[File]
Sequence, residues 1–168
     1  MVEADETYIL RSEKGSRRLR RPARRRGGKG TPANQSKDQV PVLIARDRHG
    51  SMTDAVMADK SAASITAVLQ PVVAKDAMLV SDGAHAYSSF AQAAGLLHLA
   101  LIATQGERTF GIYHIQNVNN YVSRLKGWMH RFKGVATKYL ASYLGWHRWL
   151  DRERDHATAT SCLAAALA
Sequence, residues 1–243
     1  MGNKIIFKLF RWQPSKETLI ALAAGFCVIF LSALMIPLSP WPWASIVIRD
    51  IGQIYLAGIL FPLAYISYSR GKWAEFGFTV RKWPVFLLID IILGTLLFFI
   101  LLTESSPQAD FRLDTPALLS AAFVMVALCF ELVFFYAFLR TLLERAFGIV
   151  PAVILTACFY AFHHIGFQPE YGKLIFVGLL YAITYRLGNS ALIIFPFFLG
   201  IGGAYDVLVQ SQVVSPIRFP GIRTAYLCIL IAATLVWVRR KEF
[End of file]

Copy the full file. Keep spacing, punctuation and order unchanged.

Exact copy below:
Sequence, residues 1–168
     1  MVEADETYIL RSEKGSRRLR RPARRRGGKG TPANQSKDQV PVLIARDRHG
    51  SMTDAVMADK SAASITAVLQ PVVAKDAMLV SDGAHAYSSF AQAAGLLHLA
   101  LIATQGERTF GIYHIQNVNN YVSRLKGWMH RFKGVATKYL ASYLGWHRWL
   151  DRERDHATAT SCLAAALA
Sequence, residues 1–243
     1  MGNKIIFKLF RWQPSKETLI ALAAGFCVIF LSALMIPLSP WPWASIVIRD
    51  IGQIYLAGIL FPLAYISYSR GKWAEFGFTV RKWPVFLLID IILGTLLFFI
   101  LLTESSPQAD FRLDTPALLS AAFVMVALCF ELVFFYAFLR TLLERAFGIV
   151  PAVILTACFY AFHHIGFQPE YGKLIFVGLL YAITYRLGNS ALIIFPFFLG
   201  IGGAYDVLVQ SQVVSPIRFP GIRTAYLCIL IAATLVWVRR KEF